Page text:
Saudi Journal of Sports Medicine

: 2015  |  Volume : 15  |  Issue : 1  |  Page : 94--96

Lateral meniscus root avulsion with anterior cruciate ligament tear: A case report and surgical technique

Abdulaziz Z Alomar 
 Department of Orthopaedic Surgery, King Saud University, Medical College, Riyadh, Saudi Arabia

Correspondence Address:
Abdulaziz Z Alomar
Department of Orthopaedic Surgery, King Khalid University Hospital, Medical College, King Saud University, Riyadh
Saudi Arabia


Lateral meniscus root (LMR) injuries associated with anterior cruciate ligament (ACL) tears are less frequent than medial meniscus root (MMR) injuries. Among the reported cases of lateral meniscus injuries associated with an ACL tear, those involving the posterior horn are most frequent, followed by LMR tear; however, LMR avulsion is a very rare condition, and its incidence is still unknown. Injuries that involve detachment of the meniscus root attachments profoundly affect the meniscal biomechanics and kinematics and can accelerate degenerative changes within the knee joint. Thus, it is imperative to accurately and concisely identify such lesions to guide treatment and surgical decision-making and help determine prognosis. We report a rare case of a male athlete with an LMR avulsion associated with an ACL tear; this condition was surgically treated with ACL reconstruction and in situ pull-out suture repair.

How to cite this article:
Alomar AZ. Lateral meniscus root avulsion with anterior cruciate ligament tear: A case report and surgical technique.Saudi J Sports Med 2015;15:94-96

How to cite this URL:
Alomar AZ. Lateral meniscus root avulsion with anterior cruciate ligament tear: A case report and surgical technique. Saudi J Sports Med [serial online] 2015 [cited 2020 Jun 6 ];15:94-96
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Lateral meniscus tears can occur in the anterior horn, body, posterior horn, or root of the meniscus. The lateral meniscus root (LMR) is approximately two times more mobile than the medial meniscus root (MMR), which has led to the hypothesis that the lateral meniscus is less involved with knee stabilization and consequently encounters less stress than that encountered by the medial meniscus. [1],[2],[3] Therefore, the lateral posterior horn is less affected by chronic anterior cruciate ligament (ACL) instability than the medial posterior horn. [2],[4]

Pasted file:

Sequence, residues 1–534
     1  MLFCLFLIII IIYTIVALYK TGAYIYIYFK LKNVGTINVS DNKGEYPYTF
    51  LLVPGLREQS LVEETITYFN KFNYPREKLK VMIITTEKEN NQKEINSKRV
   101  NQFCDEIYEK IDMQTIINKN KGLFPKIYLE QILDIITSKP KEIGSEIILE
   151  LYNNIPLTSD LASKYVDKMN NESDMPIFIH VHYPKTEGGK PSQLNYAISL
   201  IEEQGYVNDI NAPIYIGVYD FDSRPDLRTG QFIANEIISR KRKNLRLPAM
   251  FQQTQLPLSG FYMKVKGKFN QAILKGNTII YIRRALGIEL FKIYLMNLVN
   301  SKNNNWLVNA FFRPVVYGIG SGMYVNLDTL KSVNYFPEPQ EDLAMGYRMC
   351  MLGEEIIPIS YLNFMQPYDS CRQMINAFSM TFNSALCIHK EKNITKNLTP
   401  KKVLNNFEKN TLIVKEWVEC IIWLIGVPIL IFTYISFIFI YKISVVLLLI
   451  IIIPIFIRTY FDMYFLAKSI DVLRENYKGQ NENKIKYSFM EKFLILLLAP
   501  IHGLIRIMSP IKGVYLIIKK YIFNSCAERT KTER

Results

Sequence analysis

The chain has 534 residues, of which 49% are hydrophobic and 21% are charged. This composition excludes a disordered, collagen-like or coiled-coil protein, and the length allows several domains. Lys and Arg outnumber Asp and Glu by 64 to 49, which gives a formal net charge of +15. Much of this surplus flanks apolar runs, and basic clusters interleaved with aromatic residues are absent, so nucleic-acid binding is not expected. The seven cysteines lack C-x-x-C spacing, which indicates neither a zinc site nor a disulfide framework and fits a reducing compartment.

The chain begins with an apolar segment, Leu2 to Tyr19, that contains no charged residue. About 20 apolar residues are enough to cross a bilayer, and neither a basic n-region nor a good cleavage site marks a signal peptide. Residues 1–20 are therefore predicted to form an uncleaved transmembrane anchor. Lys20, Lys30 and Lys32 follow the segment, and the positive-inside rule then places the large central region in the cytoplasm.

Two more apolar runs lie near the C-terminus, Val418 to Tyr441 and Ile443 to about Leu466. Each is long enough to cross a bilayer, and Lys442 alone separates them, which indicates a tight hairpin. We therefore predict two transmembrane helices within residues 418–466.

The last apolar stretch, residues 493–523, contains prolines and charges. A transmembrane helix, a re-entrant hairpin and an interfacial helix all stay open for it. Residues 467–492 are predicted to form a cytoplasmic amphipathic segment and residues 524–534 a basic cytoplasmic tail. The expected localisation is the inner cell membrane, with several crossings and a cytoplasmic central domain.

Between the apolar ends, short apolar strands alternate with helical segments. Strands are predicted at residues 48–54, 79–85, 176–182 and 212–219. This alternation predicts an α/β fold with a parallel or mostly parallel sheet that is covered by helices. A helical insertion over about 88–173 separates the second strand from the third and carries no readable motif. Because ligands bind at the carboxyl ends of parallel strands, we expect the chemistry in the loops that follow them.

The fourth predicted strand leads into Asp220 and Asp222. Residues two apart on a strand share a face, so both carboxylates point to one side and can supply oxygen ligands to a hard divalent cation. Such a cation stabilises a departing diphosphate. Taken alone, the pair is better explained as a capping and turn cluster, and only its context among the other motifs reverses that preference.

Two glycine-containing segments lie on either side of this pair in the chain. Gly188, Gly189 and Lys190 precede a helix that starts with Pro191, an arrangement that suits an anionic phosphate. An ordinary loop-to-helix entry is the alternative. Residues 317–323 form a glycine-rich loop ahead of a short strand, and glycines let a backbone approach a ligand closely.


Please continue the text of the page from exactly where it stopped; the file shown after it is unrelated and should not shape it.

Concomitant tearing of the lateral meniscus is associated with approximately 20% of ACL tear injuries, with 70-87% of them involving the posterior horn. [5] An incidence rate of < 1% has been reported for LMR tears without a concomitant ACL tear. [6]

While MMR avulsion and LMR tears have been reported, very limited data are available on LMR avulsions. By disrupting the hoop forces, root tears can potentially have a detrimental effect on the lateral compartment biomechanics. [7] However, the mechanism, incidence, natural history, and associated injuries of lateral root tears are still unknown.

The incidence of LMR tears associated with ACL tears was reported to be 9.8-12.4%; [7],[8] however, the incidence of LMR avulsions without a tear is still unknown.

Additionally, the risk factors for lateral meniscal posterior root tears are relatively unknown. Sports activity is involved in approximately 87% of lateral meniscal injuries, and Beldame et al., reported that 70% of such injuries occurred in pivot-contact sports. [2],[9]

We report a rare case of a male athlete with an LMR avulsion associated with an ACL tear; this condition was surgically treated with ACL reconstruction and transosseous in situ pull-out suture repair.


A 21-year-old male athlete had a twisting injury to his right knee during a soccer game. He had immediate onset of pain and effusion, which prevented him from finishing the game. The patient was unable to participate in any competition for 4 weeks after the injury because of significant history of recurrent knee instability and pain. Four weeks after injury, physical examination revealed mild effusion with positive Lachman's and pivot-shift tests. He had mild tenderness to palpation over his lateral joint line, mainly over the postero-lateral joint area. Deep squatting reproduced the deep postero-lateral knee pain. There was no tenderness to palpation over the medial joint line. The other results of knee examination were normal, with no increased joint line opening to varus or valgus stress at 30° of knee flexion. He had a negative posterior drawer and full range of motion. Before the injury, he played high-level competitive soccer on club teams and had no previous history of injury to his right knee.